INTERNATIONAL – China’s central bank will step up funding support for private firms including developing an equity financing tool, its chief, Yi Gang, said on Tuesday, the latest step to support a slowing economy pressured by a trade dispute with the United States.
China’s overall liquidity is ample but more effort is needed to channel cash to private firms and other parts of the economy where support is needed, Yi told the state-owned Economic Daily in an interview.
The People’s Bank of China (PBOC) has pumped out a net 2.3 trillion yuan ($332.60 billion) in liquidity this year by cutting banks’ reserve requirements four times, after offsetting maturing medium-term lending facility loans, Yi said.
But private firms, which account for 60 percent of China’s gross domestic product and 80 percent of urban jobs, remain cash-starved, he said.
“The problem of financing difficulties for private enterprises is particularly prominent, mainly because financial institutions’ risk-taking capacity is falling and they are unwilling to take risks,” Yi said.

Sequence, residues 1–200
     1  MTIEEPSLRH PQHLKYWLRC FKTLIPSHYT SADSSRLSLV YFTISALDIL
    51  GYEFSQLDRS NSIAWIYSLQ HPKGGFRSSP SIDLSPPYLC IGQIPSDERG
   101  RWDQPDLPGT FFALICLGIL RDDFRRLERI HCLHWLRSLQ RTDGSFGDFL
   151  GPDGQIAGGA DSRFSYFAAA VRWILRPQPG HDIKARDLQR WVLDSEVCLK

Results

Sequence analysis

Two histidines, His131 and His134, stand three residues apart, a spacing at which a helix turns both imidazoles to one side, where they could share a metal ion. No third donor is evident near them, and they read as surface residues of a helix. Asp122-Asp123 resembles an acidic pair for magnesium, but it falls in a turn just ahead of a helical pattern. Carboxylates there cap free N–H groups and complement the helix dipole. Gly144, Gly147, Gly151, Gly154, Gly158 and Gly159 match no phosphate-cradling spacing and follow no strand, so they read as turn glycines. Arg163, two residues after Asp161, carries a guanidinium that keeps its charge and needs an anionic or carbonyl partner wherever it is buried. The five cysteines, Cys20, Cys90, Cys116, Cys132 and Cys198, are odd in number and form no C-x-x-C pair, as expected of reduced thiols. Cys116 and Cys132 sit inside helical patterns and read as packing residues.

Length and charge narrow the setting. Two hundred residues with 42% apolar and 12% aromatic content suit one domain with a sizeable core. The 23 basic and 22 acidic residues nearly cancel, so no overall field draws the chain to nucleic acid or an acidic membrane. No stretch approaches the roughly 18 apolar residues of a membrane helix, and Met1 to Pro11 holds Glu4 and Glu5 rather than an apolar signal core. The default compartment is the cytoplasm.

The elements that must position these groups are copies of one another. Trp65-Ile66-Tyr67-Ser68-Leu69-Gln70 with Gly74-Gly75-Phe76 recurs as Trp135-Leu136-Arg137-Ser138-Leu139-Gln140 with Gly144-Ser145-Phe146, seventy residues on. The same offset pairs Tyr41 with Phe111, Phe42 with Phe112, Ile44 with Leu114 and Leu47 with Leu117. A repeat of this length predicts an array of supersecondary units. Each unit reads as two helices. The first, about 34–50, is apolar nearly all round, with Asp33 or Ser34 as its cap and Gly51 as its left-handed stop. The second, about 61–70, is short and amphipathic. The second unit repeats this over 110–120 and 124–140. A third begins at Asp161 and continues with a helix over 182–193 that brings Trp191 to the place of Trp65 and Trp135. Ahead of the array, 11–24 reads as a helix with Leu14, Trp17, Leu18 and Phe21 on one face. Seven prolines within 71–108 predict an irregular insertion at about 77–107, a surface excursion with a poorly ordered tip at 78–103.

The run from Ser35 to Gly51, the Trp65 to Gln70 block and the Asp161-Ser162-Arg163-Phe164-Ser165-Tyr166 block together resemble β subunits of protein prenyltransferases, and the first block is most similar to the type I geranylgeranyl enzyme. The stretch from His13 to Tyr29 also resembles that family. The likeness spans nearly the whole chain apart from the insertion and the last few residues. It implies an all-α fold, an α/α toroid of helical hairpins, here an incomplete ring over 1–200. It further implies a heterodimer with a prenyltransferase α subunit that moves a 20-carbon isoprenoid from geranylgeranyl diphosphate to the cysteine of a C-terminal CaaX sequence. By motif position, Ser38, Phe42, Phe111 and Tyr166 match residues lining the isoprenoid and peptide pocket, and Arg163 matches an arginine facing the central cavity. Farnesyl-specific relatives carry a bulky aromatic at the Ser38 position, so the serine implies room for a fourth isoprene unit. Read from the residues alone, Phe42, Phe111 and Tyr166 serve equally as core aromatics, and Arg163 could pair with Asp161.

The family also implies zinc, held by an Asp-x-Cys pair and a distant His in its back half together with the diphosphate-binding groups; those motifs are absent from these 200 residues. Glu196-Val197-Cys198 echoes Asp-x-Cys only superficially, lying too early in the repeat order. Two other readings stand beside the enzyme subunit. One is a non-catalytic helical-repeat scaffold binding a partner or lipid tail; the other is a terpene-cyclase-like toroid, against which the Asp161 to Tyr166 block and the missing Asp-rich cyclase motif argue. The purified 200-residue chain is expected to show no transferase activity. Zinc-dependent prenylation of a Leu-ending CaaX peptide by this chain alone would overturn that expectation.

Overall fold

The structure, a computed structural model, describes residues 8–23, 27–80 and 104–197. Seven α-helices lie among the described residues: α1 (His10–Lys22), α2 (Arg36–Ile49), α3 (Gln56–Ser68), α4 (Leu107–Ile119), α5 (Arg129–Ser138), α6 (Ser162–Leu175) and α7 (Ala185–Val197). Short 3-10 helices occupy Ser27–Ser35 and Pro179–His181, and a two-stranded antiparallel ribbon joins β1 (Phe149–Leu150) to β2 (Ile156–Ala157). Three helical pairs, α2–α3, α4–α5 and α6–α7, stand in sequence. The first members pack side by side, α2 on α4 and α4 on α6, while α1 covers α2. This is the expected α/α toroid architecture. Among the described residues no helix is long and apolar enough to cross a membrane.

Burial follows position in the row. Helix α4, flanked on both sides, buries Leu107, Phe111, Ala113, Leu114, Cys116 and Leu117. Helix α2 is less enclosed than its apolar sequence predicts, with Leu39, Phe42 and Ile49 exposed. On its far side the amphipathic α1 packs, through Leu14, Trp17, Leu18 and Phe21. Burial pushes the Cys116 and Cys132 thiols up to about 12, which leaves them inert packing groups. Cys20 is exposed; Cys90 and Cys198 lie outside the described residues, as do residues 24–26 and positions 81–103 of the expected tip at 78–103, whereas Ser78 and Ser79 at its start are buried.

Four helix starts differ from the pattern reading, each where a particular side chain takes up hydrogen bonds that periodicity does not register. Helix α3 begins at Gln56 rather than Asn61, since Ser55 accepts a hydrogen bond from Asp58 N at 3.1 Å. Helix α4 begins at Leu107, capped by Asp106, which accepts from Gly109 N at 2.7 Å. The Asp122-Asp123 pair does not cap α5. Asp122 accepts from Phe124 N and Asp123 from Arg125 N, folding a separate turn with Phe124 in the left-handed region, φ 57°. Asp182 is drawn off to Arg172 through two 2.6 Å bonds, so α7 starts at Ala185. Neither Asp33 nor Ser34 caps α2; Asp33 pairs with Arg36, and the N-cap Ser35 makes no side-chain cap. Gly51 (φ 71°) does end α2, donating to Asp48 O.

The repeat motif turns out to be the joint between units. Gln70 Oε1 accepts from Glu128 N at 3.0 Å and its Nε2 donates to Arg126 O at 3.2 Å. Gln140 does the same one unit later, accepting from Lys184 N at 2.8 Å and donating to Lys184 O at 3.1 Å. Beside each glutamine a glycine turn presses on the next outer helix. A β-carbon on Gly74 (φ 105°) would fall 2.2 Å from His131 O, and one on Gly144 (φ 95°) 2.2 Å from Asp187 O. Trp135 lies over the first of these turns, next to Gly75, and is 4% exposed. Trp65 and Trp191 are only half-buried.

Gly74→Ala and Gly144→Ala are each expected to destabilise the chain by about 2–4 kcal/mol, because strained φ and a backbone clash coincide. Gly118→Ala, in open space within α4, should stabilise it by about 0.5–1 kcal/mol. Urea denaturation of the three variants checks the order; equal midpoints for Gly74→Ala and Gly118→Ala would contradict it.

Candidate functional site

An unprecedented convergence of economic stresses this year is weighing on China’s once vibrant private sector, compelling some entrepreneurs to question the effectiveness - and true intent - of government policies.
The PBOC would use a policy mix of “three arrows” to boost bank loans, debt and equity financing for private firms, Yi said.
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The central bank will expand a recently launched scheme to promote private firms’ bond issuance, with 30 of them gearing up for issuing debt, he said.
Three firms had raised 1.9 billion yuan under the scheme - an instrument to promote equity financing for private firms, he added.
The PBOC was also studying plans to promote equity financing for private firms, Yi said, adding that it was working with fund managers, brokerages and commercial banks on the initiative.
Premier Li Keqiang said on Tuesday China would not resort to strong monetary stimulus, but instead it would take targeted policy steps to support private companies and smaller businesses.Reuters